Maybe for THIS reason we are today stronger and we dont worry that much about this situation, and not because ( i quote) They have no moral obligations. If they cannot pay.......its someone else's problem...

Unlike what is happening in Western Countries we were not responsible for our situation. If people ask for a credit for holidays and cars and Banks grant money for such whims...the system is sick and fated to collapse..

always in my humble opinion of course

Phasar

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Re: The Ukraine wobbles
« Reply #40 on: 22:50 26-Oct-2008 »
Sorry Azzice I have to disagree with one of your comments

Quote
always in my humble opinion of course

Your opinions are always valued and I think you raise some valid points  ;D

Offline P-N

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Re: The Ukraine wobbles
« Reply #41 on: 07:45 27-Oct-2008 »

The Ukraine may have a GDP per capita of $2,000 or $3,000 - I am sorry I have not looked up what it is, please correct any false figures - but I expect it is the same as in China. Most people got virtually given a Soviet era flat. They didn't work to pay for that flat - it just fell into their laps, and puts them a few rungs up in the property ladder. Now, it may be different for the peasants, but that is another story. The urbanites' wages are low, but tax non-existent. What was given them for nothing could be worth $200,000 today or more.



To her (and many Ukrainians like her) $100,000 is NOT A LOT of money although it is not to be "sneezed at".  


Sorry guys. But reading your messages it seems like ukrainians are privileged by comparison with westeners...

This is totally wrong.

First of all we lived in communism. I dont think you can imagine what really was and how it was hard. Then Perestrojka, again i m not sure you can imagine what kind of sacrifices during that period. Then our nation literally collapsed...

I m sorry, but absolutely NOTHING fell in our laps. As many others in this country i ve lost EVERYTHING i had. Step by step we ve rebuilt something decent, working hard day and night.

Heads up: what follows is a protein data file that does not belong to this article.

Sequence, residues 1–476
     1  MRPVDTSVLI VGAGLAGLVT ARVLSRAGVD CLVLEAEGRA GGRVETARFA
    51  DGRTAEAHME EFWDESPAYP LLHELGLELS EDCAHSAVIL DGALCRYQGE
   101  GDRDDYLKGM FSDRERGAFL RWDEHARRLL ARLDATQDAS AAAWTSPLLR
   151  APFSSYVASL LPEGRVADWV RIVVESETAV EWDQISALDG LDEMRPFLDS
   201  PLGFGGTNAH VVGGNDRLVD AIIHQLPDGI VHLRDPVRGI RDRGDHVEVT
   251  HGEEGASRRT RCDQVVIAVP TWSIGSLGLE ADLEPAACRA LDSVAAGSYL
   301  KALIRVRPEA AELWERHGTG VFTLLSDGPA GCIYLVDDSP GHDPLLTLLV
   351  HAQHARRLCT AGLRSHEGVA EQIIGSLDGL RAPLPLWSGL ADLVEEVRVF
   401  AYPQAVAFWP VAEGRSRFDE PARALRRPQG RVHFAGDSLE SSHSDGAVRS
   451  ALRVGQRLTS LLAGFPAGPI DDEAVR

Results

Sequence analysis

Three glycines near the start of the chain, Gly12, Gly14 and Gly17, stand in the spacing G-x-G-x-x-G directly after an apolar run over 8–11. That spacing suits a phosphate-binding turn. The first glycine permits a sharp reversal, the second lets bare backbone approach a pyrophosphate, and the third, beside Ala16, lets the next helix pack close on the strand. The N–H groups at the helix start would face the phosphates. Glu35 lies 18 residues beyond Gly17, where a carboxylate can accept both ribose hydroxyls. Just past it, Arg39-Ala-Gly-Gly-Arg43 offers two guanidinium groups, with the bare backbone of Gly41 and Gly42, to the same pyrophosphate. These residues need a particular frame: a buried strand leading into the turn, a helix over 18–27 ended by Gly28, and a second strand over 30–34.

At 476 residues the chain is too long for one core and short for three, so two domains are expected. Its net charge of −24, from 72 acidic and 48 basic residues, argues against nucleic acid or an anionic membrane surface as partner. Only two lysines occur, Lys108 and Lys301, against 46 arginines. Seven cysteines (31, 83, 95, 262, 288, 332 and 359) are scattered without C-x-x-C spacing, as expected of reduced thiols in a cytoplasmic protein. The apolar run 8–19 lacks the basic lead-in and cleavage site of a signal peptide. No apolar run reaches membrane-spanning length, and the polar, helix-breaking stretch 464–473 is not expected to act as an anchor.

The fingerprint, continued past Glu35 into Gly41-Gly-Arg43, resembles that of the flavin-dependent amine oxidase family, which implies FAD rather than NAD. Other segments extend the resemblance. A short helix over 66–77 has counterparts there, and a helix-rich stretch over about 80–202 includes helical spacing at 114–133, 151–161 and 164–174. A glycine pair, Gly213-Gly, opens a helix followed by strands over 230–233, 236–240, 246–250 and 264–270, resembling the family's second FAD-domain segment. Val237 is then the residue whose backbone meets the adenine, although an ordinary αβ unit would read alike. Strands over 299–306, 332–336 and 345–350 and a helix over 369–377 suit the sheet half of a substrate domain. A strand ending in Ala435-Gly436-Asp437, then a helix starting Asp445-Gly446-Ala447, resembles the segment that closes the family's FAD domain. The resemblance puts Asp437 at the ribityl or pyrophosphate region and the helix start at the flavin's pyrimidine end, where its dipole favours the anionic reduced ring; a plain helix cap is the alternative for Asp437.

Maybe for THIS reason we are today stronger and we dont worry that much about this situation, and not because ( i quote) They have no moral obligations. If they cannot pay.......its someone else's problem...

Unlike what is happening in Western Countries we were not responsible for our situation. If people ask for a credit for holidays and cars and Banks grant money for such whims...the system is sick and fated to collapse..

always in my humble opinion of course

If it seems as though Ukrainians are seen to have it easy from our posts then, certainly from my part it has been misinterpreted.

I will stand by my statement you quoted as for Anechka, many of her friends and family and many of the business people we do business with, it is absolutely true.  I did not of course say "Ukrainians" or "All Ukrainians" in the statement but "her and many Ukrainians like her" - there will be many Ukrainians who are not like her also.

Anybody who lives here, even now,  would not say Ukrainians have it easy.  Every day everybody here has to be a fight to get anything done which involves the services provided by Ukraine or the city they are in with the exception, in most cases, of public transport which runs like clockwork 99% of the time.  Even posting a letter can be a nightmare.

Many "logistical and state run institutions" have not seemingly changed whatsoever since communist times, neither has the mentality of those who control it more often than not, during their working day.

My good lady, although she did not lose her apartments during the time of the collapse of communisim, lost every kopec she had in the bank collapse of 1998, as did Carl's wife and probably yourself and millions of others.

You are right, the next day she, and probably many throughout the FSU, just rolled up her sleeves and went back to work but this time worked half as long again, every day, to recover what she had lost and even relocated to Moscow to achieve this (even though she doesn't like Moscow as a place to live).

I am not saying anything fell into the lap of any Ukrainian, even the most corrupt, as everything has to be worked for, even if the work involves positioning yourself to make the most of a system in disarray for the purpose of effective corruption.

FS was making the point that the collapse of communism in the FSU and the slow relinquishing of the power of the state in China, led to many people having the opporunity to own property at a price way below market value.  This value has now been realised by the owners in the much more capitalist system the FSU and China are in.

For my part, this is not a critisism, neither does it belittle the grief and struggle under the communist system.  It is an opportunity which was given to the citizens of the FSU which was not given to those of the West, as many have never lived under a system close to that of the FSU.  Most would probably prefer to have their 25 years mortgage debt than to have lived within the FSU system.

It could be morally argued that the property bought at little cost in recent years had been mortgaged by the suffering and hardships of the generations preceding those who benefitted, making the human cost (rather than financial cost) far higher in many cases.